3. Inspiration and Tips from Experts

Many good articles give examples of what they’re writing about to help inspire you. Trandafir’s is no different. She gives several links to artist bios. What makes her article really stand out is the tips given by several people who have read hundreds of artist bios. They are worth the read and can help you better understand what to do.

So, if you are wanting some tips on how to write your music bio, or you are just intrigued, than go to LANDR and read the article yourself. I may have to rework my own bio.

Classic FM Article Review

I love Classic FM ( This website allows me and others to read all sorts of posts about classical music. However, an article I read recently was geared toward today’s classical musicians, versus the usual music appreciators. The article is “6 Things Musicians Should Be Doing on Social Media in 2018.” I thought I review what they had to say.

The first thing was to “be yourself.” They do a great job clarifying that being yourself is easier said then done. Many artists are influenced by other highly successful artists who became successful because of social media. But when you are not yourself, it is harder to convey your message or emotions.

The second thing was “talk to your audience.” I agree that social media followers love to watch music videos and interact with the musician. I like the idea of opening the intimate world music to audience members, but they seem to miss the idea of why followers love interacting. It gives them affirmation that you are real, you are human.

The third thing was “be patient.” This section was very short, but very good. Being in a world of instant gratification, it can be easy to get discouraged. But becoming a known musician on social media takes time, just like the training it takes to become a great musician. My favorite quote from the article is from Drew Alexander Forde, “It takes 30 years to be considered an ’emerging artist.’ Be patient and simply strive to become 1% better every day.”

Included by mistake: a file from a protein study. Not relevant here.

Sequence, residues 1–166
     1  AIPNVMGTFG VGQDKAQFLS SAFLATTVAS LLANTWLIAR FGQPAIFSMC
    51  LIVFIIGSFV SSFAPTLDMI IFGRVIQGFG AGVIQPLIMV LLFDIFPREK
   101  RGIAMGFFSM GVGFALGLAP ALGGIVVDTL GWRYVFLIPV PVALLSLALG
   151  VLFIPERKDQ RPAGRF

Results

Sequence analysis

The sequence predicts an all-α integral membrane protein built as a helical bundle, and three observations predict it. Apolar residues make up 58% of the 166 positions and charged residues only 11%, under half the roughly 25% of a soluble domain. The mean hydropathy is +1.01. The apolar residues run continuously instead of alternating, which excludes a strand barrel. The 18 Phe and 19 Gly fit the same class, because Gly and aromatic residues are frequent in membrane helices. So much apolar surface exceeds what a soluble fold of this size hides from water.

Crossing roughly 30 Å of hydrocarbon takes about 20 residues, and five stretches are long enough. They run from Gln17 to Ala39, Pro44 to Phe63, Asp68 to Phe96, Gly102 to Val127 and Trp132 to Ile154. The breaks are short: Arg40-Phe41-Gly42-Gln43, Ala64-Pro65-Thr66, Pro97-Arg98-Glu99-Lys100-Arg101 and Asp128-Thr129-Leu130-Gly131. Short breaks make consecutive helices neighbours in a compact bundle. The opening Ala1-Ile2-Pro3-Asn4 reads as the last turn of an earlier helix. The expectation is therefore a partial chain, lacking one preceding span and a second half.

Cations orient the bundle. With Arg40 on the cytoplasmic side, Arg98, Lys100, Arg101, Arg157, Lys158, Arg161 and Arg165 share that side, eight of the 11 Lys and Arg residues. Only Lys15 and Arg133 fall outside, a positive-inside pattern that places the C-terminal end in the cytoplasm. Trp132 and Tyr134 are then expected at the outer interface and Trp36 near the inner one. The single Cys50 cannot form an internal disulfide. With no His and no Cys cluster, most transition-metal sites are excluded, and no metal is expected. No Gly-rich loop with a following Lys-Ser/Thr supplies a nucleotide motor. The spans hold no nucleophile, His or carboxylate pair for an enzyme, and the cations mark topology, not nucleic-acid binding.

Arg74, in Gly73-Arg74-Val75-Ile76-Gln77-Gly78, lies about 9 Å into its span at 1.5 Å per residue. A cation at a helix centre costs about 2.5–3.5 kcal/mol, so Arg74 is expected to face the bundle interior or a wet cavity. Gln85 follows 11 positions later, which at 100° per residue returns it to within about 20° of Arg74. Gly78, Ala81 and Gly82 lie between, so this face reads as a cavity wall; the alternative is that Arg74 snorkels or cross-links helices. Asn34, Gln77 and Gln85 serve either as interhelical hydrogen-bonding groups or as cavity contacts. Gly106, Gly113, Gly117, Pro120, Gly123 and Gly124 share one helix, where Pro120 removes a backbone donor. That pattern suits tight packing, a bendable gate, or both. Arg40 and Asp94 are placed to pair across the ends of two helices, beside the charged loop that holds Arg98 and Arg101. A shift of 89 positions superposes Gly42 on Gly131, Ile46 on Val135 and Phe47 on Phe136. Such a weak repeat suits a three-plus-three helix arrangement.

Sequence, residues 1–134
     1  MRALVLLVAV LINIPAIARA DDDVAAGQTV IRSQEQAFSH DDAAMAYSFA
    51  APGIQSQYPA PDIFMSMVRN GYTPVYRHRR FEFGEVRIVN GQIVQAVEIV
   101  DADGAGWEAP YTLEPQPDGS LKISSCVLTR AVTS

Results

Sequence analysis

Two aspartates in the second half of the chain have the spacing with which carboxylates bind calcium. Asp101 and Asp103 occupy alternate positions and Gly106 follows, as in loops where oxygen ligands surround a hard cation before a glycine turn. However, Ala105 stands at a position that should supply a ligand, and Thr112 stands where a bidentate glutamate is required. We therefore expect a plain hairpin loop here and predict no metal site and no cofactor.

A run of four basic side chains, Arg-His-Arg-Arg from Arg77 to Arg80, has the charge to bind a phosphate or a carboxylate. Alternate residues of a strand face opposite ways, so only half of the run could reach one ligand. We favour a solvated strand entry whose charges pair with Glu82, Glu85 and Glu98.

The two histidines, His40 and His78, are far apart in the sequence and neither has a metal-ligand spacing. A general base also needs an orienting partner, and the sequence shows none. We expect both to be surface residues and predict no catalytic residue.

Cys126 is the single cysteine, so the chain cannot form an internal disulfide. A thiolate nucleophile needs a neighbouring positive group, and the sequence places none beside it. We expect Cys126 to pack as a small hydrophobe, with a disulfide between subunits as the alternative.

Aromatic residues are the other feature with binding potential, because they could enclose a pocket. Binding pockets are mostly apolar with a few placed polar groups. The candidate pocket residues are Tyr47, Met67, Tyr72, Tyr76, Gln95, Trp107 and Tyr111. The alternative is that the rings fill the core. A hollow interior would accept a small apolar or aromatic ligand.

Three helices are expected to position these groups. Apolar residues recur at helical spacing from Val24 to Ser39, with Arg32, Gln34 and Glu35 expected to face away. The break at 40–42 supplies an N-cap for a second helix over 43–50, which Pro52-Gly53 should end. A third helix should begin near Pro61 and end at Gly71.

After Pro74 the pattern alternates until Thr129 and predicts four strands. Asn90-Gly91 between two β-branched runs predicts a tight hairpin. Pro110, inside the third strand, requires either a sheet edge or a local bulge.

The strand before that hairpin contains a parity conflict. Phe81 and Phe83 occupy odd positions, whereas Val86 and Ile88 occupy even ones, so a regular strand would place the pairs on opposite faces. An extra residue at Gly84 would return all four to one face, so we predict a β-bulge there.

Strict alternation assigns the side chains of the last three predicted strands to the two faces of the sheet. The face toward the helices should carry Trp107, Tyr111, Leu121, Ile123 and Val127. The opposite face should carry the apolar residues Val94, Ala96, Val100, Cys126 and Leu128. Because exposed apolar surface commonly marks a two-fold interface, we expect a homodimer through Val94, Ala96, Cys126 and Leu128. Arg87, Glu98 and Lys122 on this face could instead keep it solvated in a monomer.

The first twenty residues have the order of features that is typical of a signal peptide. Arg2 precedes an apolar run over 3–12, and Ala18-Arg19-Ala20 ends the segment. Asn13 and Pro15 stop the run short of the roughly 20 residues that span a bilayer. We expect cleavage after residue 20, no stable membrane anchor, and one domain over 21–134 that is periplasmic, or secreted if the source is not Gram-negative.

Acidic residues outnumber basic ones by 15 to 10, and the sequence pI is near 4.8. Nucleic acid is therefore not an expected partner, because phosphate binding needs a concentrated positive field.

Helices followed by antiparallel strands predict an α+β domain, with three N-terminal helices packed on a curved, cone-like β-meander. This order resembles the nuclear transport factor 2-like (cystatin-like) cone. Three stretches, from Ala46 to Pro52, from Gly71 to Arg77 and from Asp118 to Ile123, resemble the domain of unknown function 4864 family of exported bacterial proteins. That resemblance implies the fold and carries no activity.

The fourth? “Post content that makes you happy.” Basically, if you are not motivated, than your followers won’t be and lose interest. Happiness and joy are contagious.

The fifth one is probably the most difficult for me. “Don’t be afraid to post ‘imperfect’ content.” Posting a live performance is one thing; you’ve already been working awhile on your content. But posting your practice sessions is what truly scares me. To see me when I am most vulnerable as a musician. However, what is intimidating to me, may be inspiring to others. I might consider giving it a try.

The final thing Classic FM stated was “Dare to be different.” Basically, go with what you are passionate about. Go with your intuition or gut feeling. If you want to do a classical rendition of an Eminem song, do it!

All in all, it was a well researched, thought provoking article. I found that about half of this article I intuitively knew and the other half was truly inspiring. If you want to read the original post from Classic FM, you can check it out here. Please feel free to give a like and leave your thoughts in the comments section below.

AGT: Courtney Hadwin Review

I do not really watch television anymore, but when I was browsing YouTube the other day, I stumbled across a trending video. The video was of “America’s Got Talent” contestant Courtney Hadwin singing Steppenwolf’s “Born to Be Wild” and I just thought that I would share my thoughts.

1. Great Singing
Courtney has a very unique, raspy singing voice that suits well with this song as well as a couple of other performances. On top of that, she has great technique that allows her to project her voice and sing on pitch most of the time. I say most of the time, but I would say that she performed more accurately than a lot of popular singers at a live performance.

2. A Little Awkward on Stage
Watching her movements around the stage seemed a little awkward to me. Though some movements were typical, like the bend over or back on a held pitch or throwing down the mic stand, other movements reminded me of singers from back in the 70’s. Although, I think that is one reason why she is captivating to watch.

3. Passion